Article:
As the Chicago product liability attorneys at Levin & Perconti are aware, the legislation comes after a series of food-borne illnesses over the past four years. You can remember that the food recalls have included various products, such as spinach and cookie dough, and have generally made Illinois and U.S. consumers weary about food safety. In fact, just yesterday – USA Today reported that close to one in twenty five outbreaks of foodborne illnesses in restaurants and delis can be traced to contaminated, freshly-made salsa or guacamole!

The Chicago Tribune is reporting that two people remain hospitalized and several more are recovering from Illinois personal injuries after a salmonella food poisoning outbreak at the Skokie Country Club in the suburb of Glencoe in Illinois. Cook County health officials are still investigating the nature and cause of the Illinois salmonella outbreak. While the Department acknowledged that finding the source of the outbreak is unlikely, they will continue to investigate.

According to, there are more than 2,000 varieties of salmonella bacteria, but only a dozen of them cause personal injuries in people. Most of the illnesses fall under “gastroenteritis,” but some can result in typhoid fever. Salmonella-induced gastroenteritis is most often caused by eating raw or undercooked meat, poultry, eggs or egg products. Signs and symptoms may include: nausea, vomiting, abdominal pain, diarrhea, fever, chills, headaches, muscle pains, or blood in the stool. Infants, the elderly and people with weakened immune systems are at higher risk for more severe illness.

In the case of the Illinois salmonella infections, the Department of Health has updated the number of those hospitalized due to salmonella to eight; six have been discharged. There have been 37 confirmed cases of salmonella poisoning and the Department has received reports of symptoms in 50 other cases. The kitchen of the country club remains closed since the outbreak began June 12.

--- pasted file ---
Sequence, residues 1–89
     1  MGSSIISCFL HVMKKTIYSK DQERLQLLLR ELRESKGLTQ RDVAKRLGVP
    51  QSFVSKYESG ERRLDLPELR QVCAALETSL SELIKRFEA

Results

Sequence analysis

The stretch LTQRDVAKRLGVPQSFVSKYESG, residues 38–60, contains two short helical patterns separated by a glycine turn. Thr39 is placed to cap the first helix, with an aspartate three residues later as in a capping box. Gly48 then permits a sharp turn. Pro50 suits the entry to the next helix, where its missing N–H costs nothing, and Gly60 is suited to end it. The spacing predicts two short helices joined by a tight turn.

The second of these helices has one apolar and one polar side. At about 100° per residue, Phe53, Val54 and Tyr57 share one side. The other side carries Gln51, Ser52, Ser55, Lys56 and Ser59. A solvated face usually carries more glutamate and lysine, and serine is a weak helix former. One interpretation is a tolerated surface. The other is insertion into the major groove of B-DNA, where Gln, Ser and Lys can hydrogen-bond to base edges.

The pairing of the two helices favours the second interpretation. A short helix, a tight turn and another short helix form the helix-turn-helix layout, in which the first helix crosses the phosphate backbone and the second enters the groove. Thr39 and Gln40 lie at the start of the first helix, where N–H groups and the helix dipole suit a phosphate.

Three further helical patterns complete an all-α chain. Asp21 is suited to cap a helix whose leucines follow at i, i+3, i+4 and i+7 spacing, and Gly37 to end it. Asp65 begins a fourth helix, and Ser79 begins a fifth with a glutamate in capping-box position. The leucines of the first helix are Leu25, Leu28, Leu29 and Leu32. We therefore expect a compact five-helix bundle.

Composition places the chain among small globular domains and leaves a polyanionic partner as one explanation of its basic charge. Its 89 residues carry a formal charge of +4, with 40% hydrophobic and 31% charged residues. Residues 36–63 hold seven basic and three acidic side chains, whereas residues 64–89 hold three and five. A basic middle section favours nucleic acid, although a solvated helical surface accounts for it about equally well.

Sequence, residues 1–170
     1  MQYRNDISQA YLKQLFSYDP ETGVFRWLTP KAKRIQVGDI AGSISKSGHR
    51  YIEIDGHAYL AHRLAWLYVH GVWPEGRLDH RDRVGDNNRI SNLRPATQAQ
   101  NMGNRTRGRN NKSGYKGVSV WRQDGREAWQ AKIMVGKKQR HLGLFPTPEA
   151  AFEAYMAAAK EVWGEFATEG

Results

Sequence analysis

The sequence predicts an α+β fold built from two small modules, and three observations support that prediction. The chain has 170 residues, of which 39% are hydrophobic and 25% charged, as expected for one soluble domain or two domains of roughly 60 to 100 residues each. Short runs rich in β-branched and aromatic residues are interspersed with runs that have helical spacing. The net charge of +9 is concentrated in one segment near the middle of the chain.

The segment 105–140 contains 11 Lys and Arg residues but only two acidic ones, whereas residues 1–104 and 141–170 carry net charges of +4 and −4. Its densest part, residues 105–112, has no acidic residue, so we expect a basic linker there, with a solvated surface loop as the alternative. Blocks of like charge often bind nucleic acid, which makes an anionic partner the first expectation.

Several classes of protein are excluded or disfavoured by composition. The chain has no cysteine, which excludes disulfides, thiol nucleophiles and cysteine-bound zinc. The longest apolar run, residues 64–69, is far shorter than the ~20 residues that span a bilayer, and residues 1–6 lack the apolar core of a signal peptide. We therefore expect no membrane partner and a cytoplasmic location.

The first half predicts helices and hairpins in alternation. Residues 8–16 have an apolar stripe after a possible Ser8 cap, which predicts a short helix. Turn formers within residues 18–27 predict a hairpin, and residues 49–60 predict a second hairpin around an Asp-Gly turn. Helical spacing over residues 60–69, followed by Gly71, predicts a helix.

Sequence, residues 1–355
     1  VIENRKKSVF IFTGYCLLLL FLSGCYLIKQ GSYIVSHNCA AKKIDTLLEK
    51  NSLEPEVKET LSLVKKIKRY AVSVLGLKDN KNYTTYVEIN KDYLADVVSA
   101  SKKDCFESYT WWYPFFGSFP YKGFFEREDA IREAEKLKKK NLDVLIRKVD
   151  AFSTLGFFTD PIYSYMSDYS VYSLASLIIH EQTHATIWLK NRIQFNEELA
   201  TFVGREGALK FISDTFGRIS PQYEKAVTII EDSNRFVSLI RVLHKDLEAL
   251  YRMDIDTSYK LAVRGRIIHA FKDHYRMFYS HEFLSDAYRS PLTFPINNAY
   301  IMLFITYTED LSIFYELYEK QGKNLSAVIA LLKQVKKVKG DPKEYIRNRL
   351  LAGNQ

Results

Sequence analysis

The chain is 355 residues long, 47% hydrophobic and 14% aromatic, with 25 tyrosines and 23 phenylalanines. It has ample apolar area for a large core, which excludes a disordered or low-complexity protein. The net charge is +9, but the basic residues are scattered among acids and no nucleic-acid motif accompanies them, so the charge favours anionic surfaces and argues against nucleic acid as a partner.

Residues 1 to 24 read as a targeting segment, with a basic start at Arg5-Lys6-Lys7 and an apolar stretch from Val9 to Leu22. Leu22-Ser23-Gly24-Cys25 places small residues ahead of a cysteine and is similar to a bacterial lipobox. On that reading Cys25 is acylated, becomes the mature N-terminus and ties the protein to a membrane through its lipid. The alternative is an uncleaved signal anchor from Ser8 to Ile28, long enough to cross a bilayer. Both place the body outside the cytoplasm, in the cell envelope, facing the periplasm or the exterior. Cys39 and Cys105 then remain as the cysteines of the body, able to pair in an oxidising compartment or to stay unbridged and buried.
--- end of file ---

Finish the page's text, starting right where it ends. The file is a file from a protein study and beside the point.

The Illinois product liability attorneys at Levin & Perconti realize that our readers are likely worrying about whether the lettuce they have bought is safe to eat, due to the recent E. coli outbreak and recalls. The Centers for Disease Control and Prevention has expanded the E. coli outbreak to four states – the outbreak involves potentially deadly food-borne illness linked to tainted lettuce. The E. coli outbreak has sickened at least twenty-three people in four states, but luckily, no deaths have been reported. According to a recent article, the current product recall involves companies that distribute lettuce supplies to wholsesale and food service outlets. Experts suggest you abstain from eating lettuce at salad bars because of the fact that this current recall involves the lettuce distributed wholesale. Additionally, salad bars generally have the potential for more contact with lots of hands and people.

Grocery store whole lettuce is relatively safe, according to the expert consulted by Freshway Foods and Vaughan Foods have issued a product recall for bagged lettuce products. Production practices, harvesting, packing, processing, and food handling have all been linked to illnesses associated with leafy greens.

The Food and Drug Administration has offered food safety tips to assist in food safety. 1) Clean –make sure you wash your hands and everything else that comes into contact with good, including utensils, countertops, and tableware. 2) Separate – keep uncooked food from contaminating other food with dangerous bacteria. 3) Cook – keep food safety by cooking it thoroughly. 4) Chill – keep foods cold and chill leftovers quickly.